The Federal Highway Administration in late April dismissed a complaint intended to block a $1.2-billion expansion of Interstate 70 through north Denver. Earthjustice, an environmental law firm, filed the complaint on behalf of neighborhood groups opposed to the project.

The complaint alleged that the Colorado Dept. of Transportation’s plan to reconstruct a 10-mile stretch of I-70, remove a 50-year-old viaduct and widen the freeway would discriminate against low-income neighborhoods and displace the mostly Latino residents near the highway.

Opponents have asked CDOT to reconsider moving the freeway farther north, along the existing route of I-270 and I-76. But the agency long ago rejected that plan, citing its estimated $3-billion price tag. The FHWA report said that, while the I-70 plan is not without its flaws, “there is insufficient evidence the project will create adverse, disparate [area] impacts” and that it is probably preferable to other options.

CDOT officials say they will move forward this summer with selection of a private concessionaire. “This is the biggest project CDOT has ever undertaken,” says Rebecca White, Central 70 spokeswoman. “We’ve been at it for 15 years, and we’ve done everything we were required to do.”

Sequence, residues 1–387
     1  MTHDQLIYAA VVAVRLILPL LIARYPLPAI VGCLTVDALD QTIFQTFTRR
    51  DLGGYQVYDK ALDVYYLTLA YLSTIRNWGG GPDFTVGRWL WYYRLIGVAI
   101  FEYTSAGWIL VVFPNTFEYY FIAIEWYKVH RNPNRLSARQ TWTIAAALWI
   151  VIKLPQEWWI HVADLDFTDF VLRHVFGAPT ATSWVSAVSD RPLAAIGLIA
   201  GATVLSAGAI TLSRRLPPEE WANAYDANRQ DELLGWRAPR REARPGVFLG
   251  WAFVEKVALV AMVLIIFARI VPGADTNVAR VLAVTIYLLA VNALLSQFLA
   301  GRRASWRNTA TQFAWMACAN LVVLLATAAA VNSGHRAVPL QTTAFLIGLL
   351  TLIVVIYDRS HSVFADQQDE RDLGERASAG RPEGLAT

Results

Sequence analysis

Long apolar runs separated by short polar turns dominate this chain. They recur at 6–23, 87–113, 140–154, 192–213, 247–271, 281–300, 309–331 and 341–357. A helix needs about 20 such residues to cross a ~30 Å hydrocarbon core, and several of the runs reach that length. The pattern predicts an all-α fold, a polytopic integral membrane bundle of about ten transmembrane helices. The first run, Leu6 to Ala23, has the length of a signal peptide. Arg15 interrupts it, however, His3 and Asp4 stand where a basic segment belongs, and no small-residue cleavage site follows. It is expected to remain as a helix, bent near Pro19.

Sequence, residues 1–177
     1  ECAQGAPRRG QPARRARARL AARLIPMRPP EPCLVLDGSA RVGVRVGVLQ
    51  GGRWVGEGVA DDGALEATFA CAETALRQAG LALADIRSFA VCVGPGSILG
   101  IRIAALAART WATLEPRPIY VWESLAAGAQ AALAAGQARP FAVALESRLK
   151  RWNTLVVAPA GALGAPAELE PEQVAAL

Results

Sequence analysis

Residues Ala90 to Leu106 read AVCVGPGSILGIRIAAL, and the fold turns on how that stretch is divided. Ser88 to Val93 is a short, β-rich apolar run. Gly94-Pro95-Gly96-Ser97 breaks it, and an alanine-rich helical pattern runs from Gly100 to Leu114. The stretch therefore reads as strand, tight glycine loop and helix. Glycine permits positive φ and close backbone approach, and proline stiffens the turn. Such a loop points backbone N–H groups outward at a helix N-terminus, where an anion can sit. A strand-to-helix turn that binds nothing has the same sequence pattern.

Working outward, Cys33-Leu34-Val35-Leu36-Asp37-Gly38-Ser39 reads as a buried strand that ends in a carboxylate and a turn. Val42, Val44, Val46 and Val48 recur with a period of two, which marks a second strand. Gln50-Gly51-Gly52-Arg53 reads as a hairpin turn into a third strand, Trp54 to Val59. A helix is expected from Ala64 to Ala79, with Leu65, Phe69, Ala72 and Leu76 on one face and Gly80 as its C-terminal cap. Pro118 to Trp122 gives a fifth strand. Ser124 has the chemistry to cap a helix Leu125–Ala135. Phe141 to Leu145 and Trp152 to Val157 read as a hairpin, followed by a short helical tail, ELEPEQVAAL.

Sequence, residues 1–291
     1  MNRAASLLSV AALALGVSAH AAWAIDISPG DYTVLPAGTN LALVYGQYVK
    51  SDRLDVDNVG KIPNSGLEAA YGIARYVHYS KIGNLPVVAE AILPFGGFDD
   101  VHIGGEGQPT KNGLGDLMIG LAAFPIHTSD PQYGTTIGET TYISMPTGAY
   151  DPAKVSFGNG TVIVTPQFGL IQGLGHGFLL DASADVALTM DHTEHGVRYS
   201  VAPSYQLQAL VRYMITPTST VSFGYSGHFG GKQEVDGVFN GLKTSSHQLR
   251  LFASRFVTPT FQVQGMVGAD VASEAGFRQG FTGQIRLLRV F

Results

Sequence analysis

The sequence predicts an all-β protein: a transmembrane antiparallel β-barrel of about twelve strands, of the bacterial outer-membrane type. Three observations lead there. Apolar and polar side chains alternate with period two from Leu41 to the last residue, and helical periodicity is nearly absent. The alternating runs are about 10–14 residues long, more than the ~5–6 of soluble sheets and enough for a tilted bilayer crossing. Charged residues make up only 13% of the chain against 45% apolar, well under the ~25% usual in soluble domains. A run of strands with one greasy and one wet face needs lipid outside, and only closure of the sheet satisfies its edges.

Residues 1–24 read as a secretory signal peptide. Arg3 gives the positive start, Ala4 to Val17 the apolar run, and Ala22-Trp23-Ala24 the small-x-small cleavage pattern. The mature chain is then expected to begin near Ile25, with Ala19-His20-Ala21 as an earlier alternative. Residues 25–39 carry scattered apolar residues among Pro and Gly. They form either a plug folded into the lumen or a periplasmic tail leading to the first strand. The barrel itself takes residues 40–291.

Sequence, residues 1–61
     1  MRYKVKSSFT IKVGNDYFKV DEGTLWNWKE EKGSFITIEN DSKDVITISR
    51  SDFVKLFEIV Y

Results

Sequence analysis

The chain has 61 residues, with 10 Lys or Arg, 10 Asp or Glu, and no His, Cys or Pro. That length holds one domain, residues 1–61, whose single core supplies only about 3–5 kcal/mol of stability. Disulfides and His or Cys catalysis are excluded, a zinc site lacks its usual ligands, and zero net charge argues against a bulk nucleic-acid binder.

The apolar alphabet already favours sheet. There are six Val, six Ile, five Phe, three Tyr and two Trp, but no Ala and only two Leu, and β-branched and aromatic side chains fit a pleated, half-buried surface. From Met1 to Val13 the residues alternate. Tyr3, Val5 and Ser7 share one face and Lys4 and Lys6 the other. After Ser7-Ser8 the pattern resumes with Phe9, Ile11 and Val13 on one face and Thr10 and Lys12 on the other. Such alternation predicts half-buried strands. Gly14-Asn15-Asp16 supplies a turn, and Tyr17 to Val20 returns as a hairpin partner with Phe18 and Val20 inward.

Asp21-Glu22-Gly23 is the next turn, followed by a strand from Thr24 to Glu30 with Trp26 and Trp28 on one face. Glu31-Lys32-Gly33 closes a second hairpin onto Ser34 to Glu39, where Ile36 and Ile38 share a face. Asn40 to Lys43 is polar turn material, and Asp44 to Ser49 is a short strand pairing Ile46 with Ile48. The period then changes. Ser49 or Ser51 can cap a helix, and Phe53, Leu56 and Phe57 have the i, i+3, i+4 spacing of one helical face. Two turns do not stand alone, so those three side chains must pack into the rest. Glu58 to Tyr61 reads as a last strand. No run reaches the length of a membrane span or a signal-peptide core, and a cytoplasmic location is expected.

Still, project opponents vow to fight on. A Sierra Club air-quality-standard lawsuit is pending in federal court, and attorney Bob Yuhnke says another lawsuit is planned. “We’ve asked CDOT to investigate the role that the highway has played in ex­acerbating health impacts for people living nearby, and it has refused to do that, so they’ll need to explain that to a judge,” he says.

“I don’t think anyone can claim that increasing the capacity [of the freeway] will help the health situation,” says Adrian Brown, president of Citizens for a Greater Denver. “It shows a myopic view at odds with community health.”